‘Turning Red’ review
By Jerrison Oracion, Senior Columnist
I felt the nostalgia of my childhood in the film and the detailed features of Toronto including the brick buildings and the streetcars add to it as well.
In 2002, boy bands were at their peak so getting tickets to a concert involved lining up at the venue on the day of the concert or earlier. Fundraisers were common in schools, and digital technology was starting to evolve. That was my childhood as a fourth-grade student during that time and the social climate where I started to get interested in independent cinema. When Pixar announced that Turning Red would be set in Toronto, I was excited to see Toronto fully animated.
Luckily, this was not the first time Canada featured in a Pixar movie; the Academy Award-winning animated short film Bao where a housewife takes care of a dumpling as if it was her child had the CN Tower being recognized easily. Directed by Toronto’s Domee Shi, both Bao and Turning Red take place in the same world and are based on her childhood. In Turning Red, Shi is presented in the form of 13-year-old middle school student Meilin Lee (Rosalie Chiang).
She is pushed by her mother Ming (Sandra Oh) to do well at school and maintain their temple. The temple is dedicated to her relative Sun Yee and is the biggest temple in Toronto. Like some parents, Ming does not know that Meilin and her best friends are huge fans of a boy band called 4*Town which is kind of similar to recent boy bands. Meilin has other feelings too that make her emotional and she wakes up the next morning as a red panda.
This happened to her relatives before including her mother Ming; it is a vestige from Sun Yee to protect her family and because it is an inconvenience in today’s world, they must do a special ritual to seal the red panda in a talisman when the red moon appears which arrives in a month. Also, Ming does not allow Meilin to go to 4*Town’s concert at the SkyDome now named the Rogers Centre a day after her ritual. Simultaneously, Meilin and her friends try to keep the red panda under control as well as use it to raise money to get tickets to the concert that is going to change their lives.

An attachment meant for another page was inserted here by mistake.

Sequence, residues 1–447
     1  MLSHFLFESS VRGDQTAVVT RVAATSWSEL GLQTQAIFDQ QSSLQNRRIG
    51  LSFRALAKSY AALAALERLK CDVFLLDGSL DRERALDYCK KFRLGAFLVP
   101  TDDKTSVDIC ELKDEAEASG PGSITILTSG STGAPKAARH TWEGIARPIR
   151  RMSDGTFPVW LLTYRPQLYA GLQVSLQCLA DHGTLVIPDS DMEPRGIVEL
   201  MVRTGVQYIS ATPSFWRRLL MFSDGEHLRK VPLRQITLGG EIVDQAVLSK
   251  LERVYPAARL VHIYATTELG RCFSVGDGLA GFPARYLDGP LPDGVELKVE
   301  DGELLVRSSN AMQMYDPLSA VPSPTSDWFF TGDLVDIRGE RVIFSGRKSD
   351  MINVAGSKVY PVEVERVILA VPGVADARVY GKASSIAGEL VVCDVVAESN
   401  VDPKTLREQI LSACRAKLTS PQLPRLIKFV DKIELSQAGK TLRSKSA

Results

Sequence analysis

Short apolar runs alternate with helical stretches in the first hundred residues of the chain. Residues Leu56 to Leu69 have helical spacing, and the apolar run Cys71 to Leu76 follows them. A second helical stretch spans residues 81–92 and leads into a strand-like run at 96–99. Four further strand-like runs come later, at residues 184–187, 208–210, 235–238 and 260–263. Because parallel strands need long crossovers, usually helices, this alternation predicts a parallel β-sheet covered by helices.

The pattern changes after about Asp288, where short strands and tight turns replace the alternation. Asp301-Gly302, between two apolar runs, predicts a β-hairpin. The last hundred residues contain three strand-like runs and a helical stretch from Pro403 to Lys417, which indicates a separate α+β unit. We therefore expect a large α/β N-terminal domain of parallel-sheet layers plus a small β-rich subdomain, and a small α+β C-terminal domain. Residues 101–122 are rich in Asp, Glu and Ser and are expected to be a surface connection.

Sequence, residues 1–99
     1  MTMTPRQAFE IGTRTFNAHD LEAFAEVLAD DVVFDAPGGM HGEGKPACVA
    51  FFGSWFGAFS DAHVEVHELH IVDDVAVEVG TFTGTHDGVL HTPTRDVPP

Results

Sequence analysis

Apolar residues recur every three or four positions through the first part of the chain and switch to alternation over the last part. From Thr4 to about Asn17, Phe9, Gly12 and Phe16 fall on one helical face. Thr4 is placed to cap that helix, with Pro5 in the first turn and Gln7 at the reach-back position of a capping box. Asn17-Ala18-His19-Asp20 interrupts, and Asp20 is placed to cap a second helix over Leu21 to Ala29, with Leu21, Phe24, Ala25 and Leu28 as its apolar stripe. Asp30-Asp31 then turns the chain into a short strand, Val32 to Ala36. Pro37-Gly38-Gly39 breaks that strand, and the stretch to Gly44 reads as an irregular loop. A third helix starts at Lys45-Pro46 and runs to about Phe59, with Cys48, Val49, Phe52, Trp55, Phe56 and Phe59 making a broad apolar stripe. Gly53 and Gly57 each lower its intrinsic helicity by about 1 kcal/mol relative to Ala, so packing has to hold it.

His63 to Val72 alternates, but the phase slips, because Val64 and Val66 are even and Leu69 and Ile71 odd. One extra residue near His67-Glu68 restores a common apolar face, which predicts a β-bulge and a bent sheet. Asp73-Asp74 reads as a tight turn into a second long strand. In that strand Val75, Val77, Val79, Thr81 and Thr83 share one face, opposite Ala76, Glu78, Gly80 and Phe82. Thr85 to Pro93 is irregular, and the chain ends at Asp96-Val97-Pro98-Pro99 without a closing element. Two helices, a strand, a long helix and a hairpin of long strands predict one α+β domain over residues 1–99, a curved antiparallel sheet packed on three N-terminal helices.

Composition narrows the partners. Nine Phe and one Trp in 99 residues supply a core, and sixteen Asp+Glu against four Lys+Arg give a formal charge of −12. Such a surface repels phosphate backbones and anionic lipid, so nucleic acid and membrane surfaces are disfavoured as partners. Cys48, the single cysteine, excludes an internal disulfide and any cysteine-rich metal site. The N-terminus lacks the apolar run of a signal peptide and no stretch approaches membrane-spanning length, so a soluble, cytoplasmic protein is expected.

Originally, the movie was to be released in theatres in line with the declining pandemic, however, Disney decided to still release the film on Disney+. The film tackles many aspects of growing up like family traditions and generational conflict. I felt the nostalgia of my childhood in the film and the detailed features of Toronto including the brick buildings and the streetcars add to it as well.
I am not sure if I was happy with the end of the film where it could impact either her family life or personal life in the long term. Ming would be described as a powerful mom and her not knowing Meilin’s interests created more problems. Her also not allowing Meilin to see her favourite boy band provides commentary on the current music scene and the different challenges that different generations have to face.
Interestingly, the songs by 4*Town were written by Grammy and newly Academy Award-winning singer Billie Eilish and her brother Phineas. Turning Red is a growing-up story that shows that there should be a balance between family and friends and depending on your age it could make you feel old.